Senior housing on site of former south Fargo KMart on hold
Beyond Shelter is putting together a "Plan B" to build about half of its originally planned apartments on the former South University Kmart site; Milton Earl Apartments would get $300,000 to bridge funding gap so construction can begin.
FARGO — A housing project for low-income seniors in south Fargo is on hold, while federal funding set aside for it could soon be redirected to another senior housing project planned just west of downtown.
Beyond Shelter had planned to build 88 units of senior housing as part of a development by Grove Enclave at the site of a former Kmart store at 2301 S. University Drive.
However, the Fargo City Commission was told Monday, June 27, that issues were found in an environmental review that would have delayed getting federal funding, making the project unworkable as proposed.
Tia Braseth, the city’s community development planning coordinator, told the commission that $300,000 set aside for the southside Plaza I and II apartments can be shunted to the Milton Earl Apartments — another Beyond Shelter project — at 4th Avenue and 7th Street North. Another $500,000 will be allocated to other projects, she said.
The Milton Earl Apartments will provide 42 units of affordable senior housing just west of the Sanctuary Events Center. A home on that site has been removed.
Public comment will be taken on the funding move until July 8, she said. The commission will be asked to vote on the issue July 11.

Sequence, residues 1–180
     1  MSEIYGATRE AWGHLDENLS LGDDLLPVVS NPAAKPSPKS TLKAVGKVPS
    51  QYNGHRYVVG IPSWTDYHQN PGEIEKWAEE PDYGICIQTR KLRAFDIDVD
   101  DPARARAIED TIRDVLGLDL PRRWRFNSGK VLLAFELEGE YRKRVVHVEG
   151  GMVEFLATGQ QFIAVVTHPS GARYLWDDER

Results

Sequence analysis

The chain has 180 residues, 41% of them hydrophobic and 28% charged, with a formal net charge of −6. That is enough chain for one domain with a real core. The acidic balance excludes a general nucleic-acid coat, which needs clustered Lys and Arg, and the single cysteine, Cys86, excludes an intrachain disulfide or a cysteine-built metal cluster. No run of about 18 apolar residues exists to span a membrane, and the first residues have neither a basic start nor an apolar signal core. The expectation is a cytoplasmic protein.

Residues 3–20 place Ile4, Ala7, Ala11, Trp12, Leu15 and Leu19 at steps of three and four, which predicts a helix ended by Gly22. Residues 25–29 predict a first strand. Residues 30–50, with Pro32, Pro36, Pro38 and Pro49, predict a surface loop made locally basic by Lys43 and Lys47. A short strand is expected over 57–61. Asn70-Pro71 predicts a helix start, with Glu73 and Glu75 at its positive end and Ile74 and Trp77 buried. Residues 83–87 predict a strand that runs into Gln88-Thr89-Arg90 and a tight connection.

Beyond Shelter CEO Dan Madler said Monday that the non-profit “has to go back and basically develop a Plan B” for its portion of the Kmart site.
“We’re still going to produce affordable senior units. It’s just going to look different. The project will be different and scaled back,” he said.
Madler said fixing the issues to get federal funding would have meant doing an “all stop” on work throughout the Kmart site, including the commercial plans.
“Right now, our current plan is to break it up into small chunks. Right now, we’re working on putting a small project on the north end of the site that would basically be 39 units of affordable senior housing,” Madler said. The organization still hopes to break ground in October.
The remaining land on the Kmart site could be used for further housing, Madler told the commission. If funding can’t be found, Beyond Shelter may request the land be rezoned to allow offices or retail.
Construction on the Milton Earl Apartments was delayed from fall 2021, but financing is nearly finalized, Madler said..
“It’s just been really challenging lately to get everything to come together because there’s so many moving parts. A lot of it is pandemic-related: inflation, interest rates, higher cost of materials, transportation costs, the prices of gas” has created financing gaps, he said.
“That $300,000 (from the south Fargo project) will allow us to move forward" with the northside Milton Earl Apartments, Madler said.
A tax increment financing plan for the South University Kmart redevelopment was approved in December 2021.
Grove Enclave asked that the development agreement, which included $1.4 million in TIF funding to demolish the Kmart and clean up and improve the site, be revised so that it can start building its 30,000-square-foot Midtown Market.
The market, announced in April, will have space for up to 16 tenants. A Burger King restaurant on the site will remain, and four more 40,000-square-foot commercial pad sites will be available along University Drive.
Jim Gilmour, the city’s director of strategic planning and research, said Grove Enclave won’t receive the TIF funds if the project isn’t completed. But the agreement would no longer be dependent on the low-income housing being built.
Commissioners voted 4-1 to approve the revised agreement. Commissioner Tony Gehrig cast the lone dissenting vote.